As you drive east and west on U.S. 33 if you’re not paying attention you might miss it. As you pass the Massanutten Peak on the north side of the road if you look south you will see McGaheysville, a community that has grown where the Massanutten Mountain ended.
As early as 1769 a church was built in the area that became known as the “Peaked Mountain Church.” The community that formed nearby was first called “Ursulaburg” after the wife of the minister at the church.
In 1801 Scotts-Irish immigrant Tobias McGahey established a post office in the small community that sat on the Rockingham Turnpike, a road that connected western Virginia to the state capital in Richmond. McGahey went to build a mill and a brewery. The community would later take his name and was incorporated in 1804.
By the time the Civil War came to the Valley McGaheysville was a community with a population of over 300, complete with shops, stores and industry. The war raged around the small town, which was spared much of the destruction, although several battles of the Valley Campaign were fought within a few miles of the town.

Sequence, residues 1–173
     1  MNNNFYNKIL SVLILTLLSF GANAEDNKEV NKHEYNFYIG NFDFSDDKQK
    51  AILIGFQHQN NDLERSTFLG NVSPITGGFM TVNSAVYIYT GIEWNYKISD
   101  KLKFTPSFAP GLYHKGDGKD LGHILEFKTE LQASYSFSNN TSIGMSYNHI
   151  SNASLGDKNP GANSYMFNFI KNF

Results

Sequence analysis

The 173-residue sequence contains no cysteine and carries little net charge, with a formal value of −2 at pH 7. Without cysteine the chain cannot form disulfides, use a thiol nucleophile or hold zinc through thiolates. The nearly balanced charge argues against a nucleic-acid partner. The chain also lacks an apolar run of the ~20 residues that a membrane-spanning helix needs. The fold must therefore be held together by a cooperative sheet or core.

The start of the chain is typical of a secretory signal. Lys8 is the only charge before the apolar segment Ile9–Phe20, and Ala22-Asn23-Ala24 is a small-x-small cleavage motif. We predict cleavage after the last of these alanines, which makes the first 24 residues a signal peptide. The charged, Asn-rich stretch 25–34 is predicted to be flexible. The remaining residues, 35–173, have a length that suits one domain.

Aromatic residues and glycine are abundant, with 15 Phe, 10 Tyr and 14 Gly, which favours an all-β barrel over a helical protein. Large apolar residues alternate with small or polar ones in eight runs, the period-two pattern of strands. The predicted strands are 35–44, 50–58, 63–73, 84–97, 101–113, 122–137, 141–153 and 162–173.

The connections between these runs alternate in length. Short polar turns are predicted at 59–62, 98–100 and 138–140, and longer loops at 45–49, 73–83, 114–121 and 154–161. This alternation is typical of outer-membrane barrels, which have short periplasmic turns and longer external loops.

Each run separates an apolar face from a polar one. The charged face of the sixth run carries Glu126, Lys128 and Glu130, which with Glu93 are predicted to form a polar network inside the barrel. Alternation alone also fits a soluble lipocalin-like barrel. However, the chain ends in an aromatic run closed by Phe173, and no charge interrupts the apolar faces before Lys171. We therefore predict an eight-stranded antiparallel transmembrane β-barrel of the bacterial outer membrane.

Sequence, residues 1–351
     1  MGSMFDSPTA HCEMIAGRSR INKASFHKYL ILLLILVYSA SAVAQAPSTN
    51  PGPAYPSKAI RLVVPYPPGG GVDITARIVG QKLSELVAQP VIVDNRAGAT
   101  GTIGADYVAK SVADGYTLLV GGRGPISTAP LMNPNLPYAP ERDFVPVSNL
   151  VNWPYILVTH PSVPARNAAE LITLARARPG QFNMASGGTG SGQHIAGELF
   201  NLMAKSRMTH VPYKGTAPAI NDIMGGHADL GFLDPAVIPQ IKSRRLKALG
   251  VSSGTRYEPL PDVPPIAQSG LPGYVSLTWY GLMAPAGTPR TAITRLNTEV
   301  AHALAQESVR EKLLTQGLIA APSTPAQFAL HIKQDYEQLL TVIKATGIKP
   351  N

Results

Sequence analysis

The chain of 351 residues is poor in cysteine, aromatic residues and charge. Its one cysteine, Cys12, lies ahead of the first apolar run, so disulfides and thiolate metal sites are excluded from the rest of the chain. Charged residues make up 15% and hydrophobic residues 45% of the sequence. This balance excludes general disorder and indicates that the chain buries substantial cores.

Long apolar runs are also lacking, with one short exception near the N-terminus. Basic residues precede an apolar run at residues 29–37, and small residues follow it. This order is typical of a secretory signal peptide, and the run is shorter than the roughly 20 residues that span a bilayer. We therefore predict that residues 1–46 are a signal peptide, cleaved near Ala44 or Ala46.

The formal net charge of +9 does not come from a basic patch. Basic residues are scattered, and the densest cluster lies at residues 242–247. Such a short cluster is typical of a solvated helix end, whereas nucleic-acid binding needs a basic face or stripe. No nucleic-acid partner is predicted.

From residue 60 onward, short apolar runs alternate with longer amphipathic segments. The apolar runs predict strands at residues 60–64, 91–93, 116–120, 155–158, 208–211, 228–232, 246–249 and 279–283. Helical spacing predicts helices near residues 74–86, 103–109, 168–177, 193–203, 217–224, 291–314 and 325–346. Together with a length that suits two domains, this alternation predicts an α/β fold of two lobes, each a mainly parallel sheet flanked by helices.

As the Valley recovered from the damage wrought by the war it looked to tourism to help rebuild its economy. A mineral springs, known as “Rockingham Springs” was located nearby at the base of Massanutten Mountain. A hotel was later built near the springs to handle the visitors to the area. Descendants of the original owners of the spring would later develop the area even further into what is now known as Massanutten Resort.
The Rockingham Turnpike became U.S. 33. When the road was improved and widened in the 1960s it was moved from the center of town to the countryside slightly north. McGaheysville continued to grow as a small rural community just off the beaten path. The community today is centered around its local schools. McGaheysville Elementary school is in the middle of the town on the site of the old high school. Down the road is the Montevideo Middle School and Cub Run Elemntary School.
Today McGaheysville is a small, unincorporated community that is within 10 miles of Harrisonburg, the county seat of Rockingham County. The town has both volunteer fire and rescue squads and is serviced by reliable cable television, high-speed internet and cell phone providers. There are both public and private school options within five miles, including the public elementary school within the town limits. Although it is close to the convenience of Harrisonburg’s retail, medical and educational services McGaheysville maintains its quiet and quaint character as one of the Valley’s original communities whose character harkens back to simpler days.